Seeking Paschal Triduum

At Golgotha’s foot
we gathered to describe the
destruction of Peace.
Eight of us, the true disciples,
committed to clarifying
details, merging perspectives.

Six said He was
whipped and burned,
naked and bruised.
Arms outstretched,
a Holy weathervane,
dead and discarded.

Naked? I said, sensing
variance of views. I’d seen torn
fabric dangle at waist; albeit flesh
toned, but present. Another had
caught glimpse of the Flesh of
all flesh, though acknowledged the
fabricated efforts to conceal.

Ours was a silence-breaking offense.
He must have been naked!
said the second. As our Lord entered,
so he exited! Shouts of concurrence rose,
unsettled roars of the growing herd.

Myself and the other stood
our ground, positive of His
concealment. This man was greater!
we cried. He died incarnate in what He
knew! He was covered, as are we!

Hours blurred and lines
were drawn. At the onset, our parties
held hope of obsoletion. But as
we acrobats developed
peculiarity-dependent theologies,
polarizing our packs, hope drowned
in Lethe. Resolute,
the implacable differences
taught us Hatred in our parting.

Mine and I had travelled six months South
when we first heard of the books. Four, friends
of our foes, had transcribed the tale,
describing Him as whipped and burned,
naked and bruised. Canonized, these
impugnable histories, these
bedmates of bridle.

I, the wandering Jew, have lived
to see the proliferation of opinion,
the merging of perspective and Fact.
I, now heretic,
have experienced the power of
the written Word (curse its
unsparing conquests!).
I, the lowly,
am deemed incapable
of insight.

Yet I remain ardent
among the faithful,
who entrench themselves
in truth.

Author’s Notes:
(1) The title, Paschal Triduum, refers to the three day period between the Lord’s Supper and the Resurrection of Jesus.
(2) ‘Lethe’ is the name of a river that runs through Hades (according to Greek mythology). Also known as the ‘river of forgetfulness,’ the souls of the dead were required to drink from it, causing them to forget their previous lives.
(3) The “wandering Jew” is a figure from medieval Christian folklore, who was said to have taunted Jesus on the way to the crucifixion, and for it was cursed to roam the Earth until the Second Coming. In the context of this poem, one need not worry about the taunting; the important point is that the wandering Jew is said to have been present at the crucifixion and remains alive to this day.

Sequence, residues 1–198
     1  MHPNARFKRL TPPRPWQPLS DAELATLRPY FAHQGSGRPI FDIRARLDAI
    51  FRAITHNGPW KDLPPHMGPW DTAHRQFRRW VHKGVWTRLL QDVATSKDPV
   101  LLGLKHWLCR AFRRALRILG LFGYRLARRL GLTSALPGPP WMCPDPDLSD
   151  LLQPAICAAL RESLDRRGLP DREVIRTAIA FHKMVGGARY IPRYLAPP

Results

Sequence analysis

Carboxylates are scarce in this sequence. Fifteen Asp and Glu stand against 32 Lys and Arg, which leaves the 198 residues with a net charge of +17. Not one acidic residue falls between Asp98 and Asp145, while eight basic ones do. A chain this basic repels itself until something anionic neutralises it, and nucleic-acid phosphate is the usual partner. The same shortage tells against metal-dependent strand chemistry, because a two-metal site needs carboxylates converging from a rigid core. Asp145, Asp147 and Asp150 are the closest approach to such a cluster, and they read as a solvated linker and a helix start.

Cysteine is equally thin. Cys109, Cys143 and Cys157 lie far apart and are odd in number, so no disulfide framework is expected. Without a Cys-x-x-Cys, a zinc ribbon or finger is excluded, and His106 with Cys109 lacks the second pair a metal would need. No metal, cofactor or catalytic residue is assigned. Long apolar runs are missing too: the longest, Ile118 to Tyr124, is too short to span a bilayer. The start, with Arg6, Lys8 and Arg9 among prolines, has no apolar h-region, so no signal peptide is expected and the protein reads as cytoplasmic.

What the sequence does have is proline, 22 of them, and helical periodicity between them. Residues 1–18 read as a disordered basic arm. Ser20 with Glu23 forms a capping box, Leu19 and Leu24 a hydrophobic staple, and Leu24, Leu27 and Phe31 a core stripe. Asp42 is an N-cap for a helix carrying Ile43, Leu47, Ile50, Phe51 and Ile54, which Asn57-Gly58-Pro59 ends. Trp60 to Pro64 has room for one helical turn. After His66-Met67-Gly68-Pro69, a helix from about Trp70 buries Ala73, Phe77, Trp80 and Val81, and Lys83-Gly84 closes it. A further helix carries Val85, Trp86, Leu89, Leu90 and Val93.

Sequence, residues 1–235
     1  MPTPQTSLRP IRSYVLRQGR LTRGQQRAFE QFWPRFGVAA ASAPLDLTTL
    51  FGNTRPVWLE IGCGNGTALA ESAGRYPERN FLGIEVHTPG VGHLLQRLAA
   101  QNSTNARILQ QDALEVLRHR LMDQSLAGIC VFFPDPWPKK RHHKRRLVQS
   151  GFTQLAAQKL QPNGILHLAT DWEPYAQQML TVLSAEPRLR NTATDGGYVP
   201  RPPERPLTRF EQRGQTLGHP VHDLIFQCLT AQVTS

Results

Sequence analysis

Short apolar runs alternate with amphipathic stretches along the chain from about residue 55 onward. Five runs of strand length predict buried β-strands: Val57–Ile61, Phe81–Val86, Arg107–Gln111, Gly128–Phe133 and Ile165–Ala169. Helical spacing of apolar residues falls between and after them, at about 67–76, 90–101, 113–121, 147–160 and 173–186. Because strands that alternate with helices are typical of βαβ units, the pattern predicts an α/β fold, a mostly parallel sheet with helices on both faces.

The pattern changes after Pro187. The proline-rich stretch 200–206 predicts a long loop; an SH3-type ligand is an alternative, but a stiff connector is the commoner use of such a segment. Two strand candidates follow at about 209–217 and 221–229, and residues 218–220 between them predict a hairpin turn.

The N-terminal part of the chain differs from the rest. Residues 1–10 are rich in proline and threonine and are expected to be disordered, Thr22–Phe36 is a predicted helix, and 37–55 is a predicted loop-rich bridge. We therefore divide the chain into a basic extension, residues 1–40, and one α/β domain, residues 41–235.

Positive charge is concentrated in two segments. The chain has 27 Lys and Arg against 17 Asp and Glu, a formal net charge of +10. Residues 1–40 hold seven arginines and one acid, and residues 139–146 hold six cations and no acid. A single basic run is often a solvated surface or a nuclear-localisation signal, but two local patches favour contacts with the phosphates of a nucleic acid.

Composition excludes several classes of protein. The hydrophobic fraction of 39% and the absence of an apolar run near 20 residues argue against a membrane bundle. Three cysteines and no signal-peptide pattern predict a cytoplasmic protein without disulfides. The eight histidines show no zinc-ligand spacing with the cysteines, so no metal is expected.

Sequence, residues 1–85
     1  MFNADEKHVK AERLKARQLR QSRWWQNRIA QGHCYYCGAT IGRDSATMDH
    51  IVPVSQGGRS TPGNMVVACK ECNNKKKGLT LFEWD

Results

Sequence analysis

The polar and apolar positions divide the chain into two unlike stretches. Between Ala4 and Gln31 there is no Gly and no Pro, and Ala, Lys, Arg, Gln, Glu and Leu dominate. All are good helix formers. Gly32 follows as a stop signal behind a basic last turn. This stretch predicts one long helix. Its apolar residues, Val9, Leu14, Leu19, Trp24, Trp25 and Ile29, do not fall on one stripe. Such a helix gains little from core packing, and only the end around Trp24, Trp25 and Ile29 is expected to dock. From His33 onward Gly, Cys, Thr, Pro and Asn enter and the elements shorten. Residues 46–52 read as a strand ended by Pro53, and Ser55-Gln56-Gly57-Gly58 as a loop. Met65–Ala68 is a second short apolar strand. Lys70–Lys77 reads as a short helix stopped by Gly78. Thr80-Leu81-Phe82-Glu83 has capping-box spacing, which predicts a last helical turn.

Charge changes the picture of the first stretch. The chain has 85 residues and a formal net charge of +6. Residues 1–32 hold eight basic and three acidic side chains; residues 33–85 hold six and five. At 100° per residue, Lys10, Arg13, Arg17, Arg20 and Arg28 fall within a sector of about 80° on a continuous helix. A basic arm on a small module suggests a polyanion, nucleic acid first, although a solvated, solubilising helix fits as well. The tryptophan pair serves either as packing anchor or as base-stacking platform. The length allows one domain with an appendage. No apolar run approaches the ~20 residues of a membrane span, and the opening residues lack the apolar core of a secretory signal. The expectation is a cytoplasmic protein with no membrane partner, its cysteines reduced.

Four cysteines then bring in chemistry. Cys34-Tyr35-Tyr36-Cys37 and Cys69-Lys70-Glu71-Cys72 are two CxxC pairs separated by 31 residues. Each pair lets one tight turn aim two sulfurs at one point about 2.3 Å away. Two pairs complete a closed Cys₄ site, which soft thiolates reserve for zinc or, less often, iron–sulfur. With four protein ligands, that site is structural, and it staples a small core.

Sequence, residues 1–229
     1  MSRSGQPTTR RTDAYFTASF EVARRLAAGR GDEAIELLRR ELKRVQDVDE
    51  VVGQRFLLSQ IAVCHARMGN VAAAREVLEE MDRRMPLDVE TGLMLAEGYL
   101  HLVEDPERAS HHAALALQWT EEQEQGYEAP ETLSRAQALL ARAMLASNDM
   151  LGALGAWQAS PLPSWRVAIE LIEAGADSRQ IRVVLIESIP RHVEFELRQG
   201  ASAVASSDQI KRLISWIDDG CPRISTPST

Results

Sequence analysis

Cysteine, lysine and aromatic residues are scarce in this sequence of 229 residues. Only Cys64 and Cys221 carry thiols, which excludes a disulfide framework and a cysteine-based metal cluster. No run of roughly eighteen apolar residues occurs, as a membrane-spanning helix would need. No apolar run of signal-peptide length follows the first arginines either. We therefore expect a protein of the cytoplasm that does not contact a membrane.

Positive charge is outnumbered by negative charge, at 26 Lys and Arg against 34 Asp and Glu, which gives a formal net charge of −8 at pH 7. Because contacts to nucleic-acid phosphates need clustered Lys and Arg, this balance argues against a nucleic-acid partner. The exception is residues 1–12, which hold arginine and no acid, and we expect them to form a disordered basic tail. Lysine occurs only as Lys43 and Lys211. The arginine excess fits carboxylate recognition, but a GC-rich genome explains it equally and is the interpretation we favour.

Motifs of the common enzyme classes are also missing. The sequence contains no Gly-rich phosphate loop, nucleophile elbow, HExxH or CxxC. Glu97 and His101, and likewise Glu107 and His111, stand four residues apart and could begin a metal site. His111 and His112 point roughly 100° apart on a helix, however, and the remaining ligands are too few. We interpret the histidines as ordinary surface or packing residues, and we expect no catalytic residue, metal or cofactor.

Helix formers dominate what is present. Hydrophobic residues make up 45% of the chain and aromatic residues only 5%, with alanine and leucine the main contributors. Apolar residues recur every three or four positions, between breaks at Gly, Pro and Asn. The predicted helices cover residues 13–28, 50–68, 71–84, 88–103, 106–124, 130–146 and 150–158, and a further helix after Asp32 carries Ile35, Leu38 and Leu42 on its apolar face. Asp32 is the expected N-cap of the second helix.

3 responses to “Seeking Paschal Triduum

  1. I always wonder why poets divide lines where they do, but maybe it’s because I’m reading this on my iPhone. I think you are saying that the crucifixion is something seen from different perspectives and that we all bring our upbringing and cultural biases to the foot of the cross. Am I on the right track?

  2. It seems like you’re trying to say that there are different ways to view Christ and his sacrifice. I’m not sure who the voice is in the first section.

  3. Thanks for your visit Dave … and for the searching in this work. One might say that Lethe’s poison flows most freely in our individual assertions that our own version of truth is the only possible reality … in our forgetting wider truths than our own.

    We’re all both wanderers and chosen. Wonderers too and therefore necessarily “heretic” at times. And when our “truth” is written off by others – even if they’re convinced that they’re the only Real witnesses to good news – we must remain ardent, distinct and wandering still in the company of others’ certainties.

    Our own flesh, our own naked humanity is glimpsed on Golgotha. There we see that there’s no “must” about anything. “Shouts of concurrence” may be, indeed, just the noise of a herd. Better to wander, better to wonder, better to place our hope in being The Body of Christ now on earth, who remains largely silent. Better to reflect on His Risen Word for a feminine (and missionary) love. “Noli me tangere” – “do not cling”.

    Keep writing. Keep faithing. Keep in touch 🙂

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